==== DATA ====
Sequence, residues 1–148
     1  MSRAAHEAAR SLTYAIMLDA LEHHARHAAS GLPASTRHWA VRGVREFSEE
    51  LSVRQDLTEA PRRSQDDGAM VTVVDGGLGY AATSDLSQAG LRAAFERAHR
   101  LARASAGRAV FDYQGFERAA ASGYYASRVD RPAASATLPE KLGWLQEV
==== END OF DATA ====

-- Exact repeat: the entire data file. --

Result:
Sequence, residues 1–148
     1  MSRAAHEAAR SLTYAIMLDA LEHHARHAAS GLPASTRHWA VRGVREFSEE
    51  LSVRQDLTEA PRRSQDDGAM VTVVDGGLGY AATSDLSQAG LRAAFERAHR
   101  LARASAGRAV FDYQGFERAA ASGYYASRVD RPAASATLPE KLGWLQEV